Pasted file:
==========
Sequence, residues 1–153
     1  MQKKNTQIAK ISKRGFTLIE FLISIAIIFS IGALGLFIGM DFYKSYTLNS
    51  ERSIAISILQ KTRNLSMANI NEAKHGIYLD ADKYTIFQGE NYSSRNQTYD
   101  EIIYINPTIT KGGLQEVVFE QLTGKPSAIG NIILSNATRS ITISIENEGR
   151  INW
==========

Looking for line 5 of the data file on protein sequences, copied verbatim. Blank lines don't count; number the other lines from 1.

   151  INW